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Effective methods are needed to evaluate patients’ perceptions of the quality of their encounters with healthcare professionals
At the heart of the issue of lay involvement in the British NHS lies a contradiction—the enthusiastic rhetoric advocating it at all levels is not matched by significant and meaningful user involvement in practice. Since increased participation of patients and the public in health care is recognised internationally to be desirable, an examination of the implementation of the policy in the NHS will be of benefit to policy makers, managers, and clinicians struggling with this issue more widely.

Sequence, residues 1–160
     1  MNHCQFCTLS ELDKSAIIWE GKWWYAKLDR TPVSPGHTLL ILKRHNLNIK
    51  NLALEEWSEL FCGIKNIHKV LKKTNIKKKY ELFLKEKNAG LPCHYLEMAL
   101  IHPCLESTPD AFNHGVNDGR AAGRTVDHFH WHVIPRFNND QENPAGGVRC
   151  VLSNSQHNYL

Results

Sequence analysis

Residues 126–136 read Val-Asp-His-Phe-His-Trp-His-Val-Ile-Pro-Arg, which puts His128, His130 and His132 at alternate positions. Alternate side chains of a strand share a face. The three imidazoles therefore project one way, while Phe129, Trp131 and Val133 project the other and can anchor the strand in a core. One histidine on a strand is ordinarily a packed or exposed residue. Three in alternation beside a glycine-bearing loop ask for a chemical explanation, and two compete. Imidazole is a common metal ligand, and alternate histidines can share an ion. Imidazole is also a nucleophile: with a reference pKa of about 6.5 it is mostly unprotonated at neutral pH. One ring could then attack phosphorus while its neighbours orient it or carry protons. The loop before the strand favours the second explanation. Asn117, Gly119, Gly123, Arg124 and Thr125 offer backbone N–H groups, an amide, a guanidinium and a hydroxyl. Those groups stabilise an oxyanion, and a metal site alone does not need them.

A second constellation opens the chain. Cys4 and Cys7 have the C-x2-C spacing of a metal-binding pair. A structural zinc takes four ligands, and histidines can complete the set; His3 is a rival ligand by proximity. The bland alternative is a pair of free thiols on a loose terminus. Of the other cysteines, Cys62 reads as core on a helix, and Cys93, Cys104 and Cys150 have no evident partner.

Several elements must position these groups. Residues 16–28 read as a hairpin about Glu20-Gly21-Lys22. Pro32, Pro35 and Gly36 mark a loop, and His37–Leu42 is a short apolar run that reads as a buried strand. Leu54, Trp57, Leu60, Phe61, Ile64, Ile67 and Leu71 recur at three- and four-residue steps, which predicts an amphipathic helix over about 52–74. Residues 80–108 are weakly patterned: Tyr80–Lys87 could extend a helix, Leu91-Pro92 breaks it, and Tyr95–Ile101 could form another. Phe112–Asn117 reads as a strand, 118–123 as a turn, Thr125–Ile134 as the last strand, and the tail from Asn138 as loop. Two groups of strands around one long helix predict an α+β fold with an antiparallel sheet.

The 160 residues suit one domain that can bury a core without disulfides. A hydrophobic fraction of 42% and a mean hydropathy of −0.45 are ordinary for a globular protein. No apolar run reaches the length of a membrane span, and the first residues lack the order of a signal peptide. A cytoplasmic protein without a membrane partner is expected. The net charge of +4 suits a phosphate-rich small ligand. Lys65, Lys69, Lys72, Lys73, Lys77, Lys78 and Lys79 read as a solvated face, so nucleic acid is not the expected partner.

Publications such as “The new NHS: modern, dependable”1 produced shortly after the Labour government came to power in the UK and subsequent policy statements such as “The NHS Plan”2 certainly demonstrate a rhetorical commitment to lay involvement backed up by the introduction of particular models, including the patient advocacy service and patients’ …
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